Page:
Answers:Here is the easiest way to think of it. Picture the number line or write it out. It's a line of numbers starting at 0, then proceeding to the right with positive numbers and to the left with negative numbers. When you do operations on the number line (operations meaning addition, multiplication, subtraction, and division), you start at the first number, then move to the left or right. Here is what I mean: Now, when you add two positive numbers, say 3 + 5, then you go to the right 5 spaces from 3. 3+5 = 8 When you subtract two numbers, say 3  5 , then you go to the left 5 spaces from 3. 3  5 = 3 So we see that a negative sign just means 'go the other way' on the number line. You always assume you go right, but if you see a negative sign, you go the other way. A plus sign means keep going the way you're already moving. So to translate, if you have 3 + 5, think: Start at 3. Go right. I see a + sign, so I don't change direction, and I go right 5. 3 + 5 = +8 If you have 3  5, think: Start at 3. Go right. But wait, I see a  sign, so I change direction, and I go left 5. 3  5 = 2 Now take a trickier example: 3  (5) Use the same logic I just mentioned. Start from 3, and assuming you go to the right. But then you see a negative sign: ok, that means switch directions, so I go left. But then there's a SECOND negative sign, which means switch AGAIN, so now I'm going right 5. Then I end up going right 5 spaces right from 3, which gives me +2. You'll notice this is exactly the same as if I had written 3 + 5. That's why a negative and negative equals a positive. It's the exact same for multiplication and division. Hope this helps
Answers:Here is the easiest way to think of it. Picture the number line or write it out. It's a line of numbers starting at 0, then proceeding to the right with positive numbers and to the left with negative numbers. When you do operations on the number line (operations meaning addition, multiplication, subtraction, and division), you start at the first number, then move to the left or right. Here is what I mean: Now, when you add two positive numbers, say 3 + 5, then you go to the right 5 spaces from 3. 3+5 = 8 When you subtract two numbers, say 3  5 , then you go to the left 5 spaces from 3. 3  5 = 3 So we see that a negative sign just means 'go the other way' on the number line. You always assume you go right, but if you see a negative sign, you go the other way. A plus sign means keep going the way you're already moving. So to translate, if you have 3 + 5, think: Start at 3. Go right. I see a + sign, so I don't change direction, and I go right 5. 3 + 5 = +8 If you have 3  5, think: Start at 3. Go right. But wait, I see a  sign, so I change direction, and I go left 5. 3  5 = 2 Now take a trickier example: 3  (5) Use the same logic I just mentioned. Start from 3, and assuming you go to the right. But then you see a negative sign: ok, that means switch directions, so I go left. But then there's a SECOND negative sign, which means switch AGAIN, so now I'm going right 5. Then I end up going right 5 spaces right from 3, which gives me +2. You'll notice this is exactly the same as if I had written 3 + 5. That's why a negative and negative equals a positive. It's the exact same for multiplication and division. Hope this helps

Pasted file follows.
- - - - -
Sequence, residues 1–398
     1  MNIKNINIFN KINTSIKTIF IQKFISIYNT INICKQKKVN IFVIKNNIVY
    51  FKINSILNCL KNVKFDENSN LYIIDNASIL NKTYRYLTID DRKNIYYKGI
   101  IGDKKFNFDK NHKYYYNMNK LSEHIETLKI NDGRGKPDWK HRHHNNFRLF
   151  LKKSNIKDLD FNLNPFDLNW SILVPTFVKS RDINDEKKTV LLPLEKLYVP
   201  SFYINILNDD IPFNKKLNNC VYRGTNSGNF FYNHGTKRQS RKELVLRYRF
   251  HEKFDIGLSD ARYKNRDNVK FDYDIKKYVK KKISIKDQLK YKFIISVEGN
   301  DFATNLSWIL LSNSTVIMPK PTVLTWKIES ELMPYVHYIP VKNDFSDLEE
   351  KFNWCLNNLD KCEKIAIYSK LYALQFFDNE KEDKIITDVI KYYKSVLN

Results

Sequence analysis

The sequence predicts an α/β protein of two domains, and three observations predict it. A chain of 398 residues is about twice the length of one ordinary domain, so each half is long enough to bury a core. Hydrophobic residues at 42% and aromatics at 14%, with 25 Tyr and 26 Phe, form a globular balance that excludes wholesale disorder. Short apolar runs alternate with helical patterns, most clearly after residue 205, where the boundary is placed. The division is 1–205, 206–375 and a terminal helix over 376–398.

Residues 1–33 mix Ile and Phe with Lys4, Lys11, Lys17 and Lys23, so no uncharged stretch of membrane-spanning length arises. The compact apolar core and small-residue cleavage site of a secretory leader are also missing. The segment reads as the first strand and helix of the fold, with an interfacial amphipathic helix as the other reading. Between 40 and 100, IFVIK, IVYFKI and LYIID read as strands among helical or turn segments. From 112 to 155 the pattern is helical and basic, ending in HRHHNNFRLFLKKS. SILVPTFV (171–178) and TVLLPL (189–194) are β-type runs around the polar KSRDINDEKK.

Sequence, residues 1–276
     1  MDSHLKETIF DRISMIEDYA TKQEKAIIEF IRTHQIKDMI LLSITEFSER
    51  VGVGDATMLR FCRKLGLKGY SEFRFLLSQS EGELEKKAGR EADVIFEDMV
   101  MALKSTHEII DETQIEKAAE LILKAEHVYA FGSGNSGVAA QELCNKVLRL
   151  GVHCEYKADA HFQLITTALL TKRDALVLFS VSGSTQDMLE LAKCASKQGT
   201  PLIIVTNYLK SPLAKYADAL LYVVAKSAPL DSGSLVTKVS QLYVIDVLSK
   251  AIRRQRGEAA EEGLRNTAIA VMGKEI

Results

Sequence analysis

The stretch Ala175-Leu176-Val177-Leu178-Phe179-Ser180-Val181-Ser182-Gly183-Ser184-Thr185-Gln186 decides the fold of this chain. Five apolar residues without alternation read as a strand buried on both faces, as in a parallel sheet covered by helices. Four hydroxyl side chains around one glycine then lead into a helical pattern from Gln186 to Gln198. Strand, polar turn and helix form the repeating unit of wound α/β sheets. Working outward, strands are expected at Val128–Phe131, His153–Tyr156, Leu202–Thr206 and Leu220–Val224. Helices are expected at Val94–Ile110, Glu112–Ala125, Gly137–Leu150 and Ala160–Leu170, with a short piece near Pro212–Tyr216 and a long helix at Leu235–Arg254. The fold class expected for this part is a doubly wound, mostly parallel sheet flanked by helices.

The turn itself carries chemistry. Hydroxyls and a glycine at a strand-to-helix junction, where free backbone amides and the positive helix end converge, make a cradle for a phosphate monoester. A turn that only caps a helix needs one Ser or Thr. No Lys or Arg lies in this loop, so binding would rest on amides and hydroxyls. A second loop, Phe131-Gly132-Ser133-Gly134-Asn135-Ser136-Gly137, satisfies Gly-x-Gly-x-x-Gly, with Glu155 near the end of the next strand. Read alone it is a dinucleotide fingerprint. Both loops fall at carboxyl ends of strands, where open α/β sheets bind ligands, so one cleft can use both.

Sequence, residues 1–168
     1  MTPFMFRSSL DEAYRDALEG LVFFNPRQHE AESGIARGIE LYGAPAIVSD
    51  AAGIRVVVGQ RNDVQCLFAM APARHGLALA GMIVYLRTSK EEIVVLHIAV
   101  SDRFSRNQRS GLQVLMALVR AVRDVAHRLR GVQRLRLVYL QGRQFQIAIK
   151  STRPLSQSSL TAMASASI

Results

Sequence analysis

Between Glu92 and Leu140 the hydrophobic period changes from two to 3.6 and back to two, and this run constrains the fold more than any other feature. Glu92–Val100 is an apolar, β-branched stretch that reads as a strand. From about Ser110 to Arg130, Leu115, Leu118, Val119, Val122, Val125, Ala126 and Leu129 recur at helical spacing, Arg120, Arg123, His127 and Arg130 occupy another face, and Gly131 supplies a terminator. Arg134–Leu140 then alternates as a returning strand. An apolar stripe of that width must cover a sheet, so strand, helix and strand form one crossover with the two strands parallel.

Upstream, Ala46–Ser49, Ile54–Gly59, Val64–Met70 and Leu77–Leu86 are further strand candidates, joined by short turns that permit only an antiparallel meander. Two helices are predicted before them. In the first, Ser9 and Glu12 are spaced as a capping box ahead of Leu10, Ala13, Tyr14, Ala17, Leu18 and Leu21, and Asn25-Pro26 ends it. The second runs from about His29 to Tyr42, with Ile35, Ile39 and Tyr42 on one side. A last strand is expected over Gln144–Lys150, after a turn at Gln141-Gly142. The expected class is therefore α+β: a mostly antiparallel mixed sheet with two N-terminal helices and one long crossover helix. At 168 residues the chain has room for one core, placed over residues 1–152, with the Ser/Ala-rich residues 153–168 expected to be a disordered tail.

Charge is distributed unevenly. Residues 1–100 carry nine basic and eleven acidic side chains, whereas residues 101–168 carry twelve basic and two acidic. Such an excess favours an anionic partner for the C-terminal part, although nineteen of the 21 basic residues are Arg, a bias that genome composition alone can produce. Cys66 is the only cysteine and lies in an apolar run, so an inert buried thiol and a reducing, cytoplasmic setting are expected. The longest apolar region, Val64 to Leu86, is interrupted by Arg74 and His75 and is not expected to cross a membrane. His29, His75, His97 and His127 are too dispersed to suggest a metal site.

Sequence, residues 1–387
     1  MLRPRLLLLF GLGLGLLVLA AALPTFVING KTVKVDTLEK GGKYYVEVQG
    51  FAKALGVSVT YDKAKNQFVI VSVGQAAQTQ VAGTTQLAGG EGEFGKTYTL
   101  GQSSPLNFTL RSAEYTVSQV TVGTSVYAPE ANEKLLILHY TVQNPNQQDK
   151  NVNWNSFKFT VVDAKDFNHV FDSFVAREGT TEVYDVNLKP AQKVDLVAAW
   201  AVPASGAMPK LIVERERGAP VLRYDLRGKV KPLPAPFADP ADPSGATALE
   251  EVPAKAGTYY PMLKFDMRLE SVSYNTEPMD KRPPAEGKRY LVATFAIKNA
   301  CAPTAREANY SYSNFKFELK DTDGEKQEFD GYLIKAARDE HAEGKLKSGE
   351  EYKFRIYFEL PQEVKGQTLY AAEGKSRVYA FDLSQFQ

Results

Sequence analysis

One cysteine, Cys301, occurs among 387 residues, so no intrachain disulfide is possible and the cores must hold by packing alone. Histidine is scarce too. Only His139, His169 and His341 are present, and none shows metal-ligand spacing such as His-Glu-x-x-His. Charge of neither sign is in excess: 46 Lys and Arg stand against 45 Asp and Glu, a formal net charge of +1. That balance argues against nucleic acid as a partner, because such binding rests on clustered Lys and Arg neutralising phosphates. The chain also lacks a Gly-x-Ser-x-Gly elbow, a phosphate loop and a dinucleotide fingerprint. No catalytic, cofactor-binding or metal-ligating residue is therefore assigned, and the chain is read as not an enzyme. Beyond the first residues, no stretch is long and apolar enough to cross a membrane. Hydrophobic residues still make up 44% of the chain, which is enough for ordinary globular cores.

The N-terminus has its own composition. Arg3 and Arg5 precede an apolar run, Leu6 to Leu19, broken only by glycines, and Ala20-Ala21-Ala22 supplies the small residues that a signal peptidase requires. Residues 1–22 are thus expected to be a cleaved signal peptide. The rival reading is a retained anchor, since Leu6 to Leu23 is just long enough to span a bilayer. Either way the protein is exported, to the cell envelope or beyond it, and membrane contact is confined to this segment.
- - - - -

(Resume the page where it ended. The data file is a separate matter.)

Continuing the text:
Question:Explain why Rhnegative person do not have a transfusion reaction on the first Rhpositive blood but does have a reaction on the second exposure.?
Answers:You've got it backwards. A person with Rh positive blood will not have a reaction to an Rh negative transfusion of the correct blood type because there is nothing to react to; it's negative. The protein is not there. A person with Rh blood will react to Rh+ simply because the + protein is present and will cause a reaction.
Answers:You've got it backwards. A person with Rh positive blood will not have a reaction to an Rh negative transfusion of the correct blood type because there is nothing to react to; it's negative. The protein is not there. A person with Rh blood will react to Rh+ simply because the + protein is present and will cause a reaction.